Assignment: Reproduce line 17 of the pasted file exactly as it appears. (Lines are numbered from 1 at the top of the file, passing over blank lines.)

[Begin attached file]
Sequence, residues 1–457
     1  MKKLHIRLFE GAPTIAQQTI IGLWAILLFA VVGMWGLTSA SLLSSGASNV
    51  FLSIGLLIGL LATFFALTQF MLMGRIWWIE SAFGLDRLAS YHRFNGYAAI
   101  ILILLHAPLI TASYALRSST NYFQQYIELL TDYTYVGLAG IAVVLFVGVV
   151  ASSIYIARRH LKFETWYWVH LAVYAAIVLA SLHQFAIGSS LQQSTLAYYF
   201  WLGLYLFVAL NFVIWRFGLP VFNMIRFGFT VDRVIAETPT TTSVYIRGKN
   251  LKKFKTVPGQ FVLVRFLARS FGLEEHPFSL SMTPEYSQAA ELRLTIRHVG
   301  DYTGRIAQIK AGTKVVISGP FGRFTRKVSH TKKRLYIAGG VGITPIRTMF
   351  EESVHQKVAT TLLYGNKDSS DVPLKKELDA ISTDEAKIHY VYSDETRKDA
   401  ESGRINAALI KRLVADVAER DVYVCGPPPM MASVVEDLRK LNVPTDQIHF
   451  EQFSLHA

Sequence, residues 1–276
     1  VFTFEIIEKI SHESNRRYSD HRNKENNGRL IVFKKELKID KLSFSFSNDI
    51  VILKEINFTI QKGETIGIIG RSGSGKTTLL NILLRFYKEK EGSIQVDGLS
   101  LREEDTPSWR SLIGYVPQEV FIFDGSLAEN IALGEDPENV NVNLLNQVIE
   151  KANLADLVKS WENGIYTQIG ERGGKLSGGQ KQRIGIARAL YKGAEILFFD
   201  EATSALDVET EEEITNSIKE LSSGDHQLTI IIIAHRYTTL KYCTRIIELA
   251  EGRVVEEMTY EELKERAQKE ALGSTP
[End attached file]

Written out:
   201  EATSALDVET EEEITNSIKE LSSGDHQLTI IIIAHRYTTL KYCTRIIELA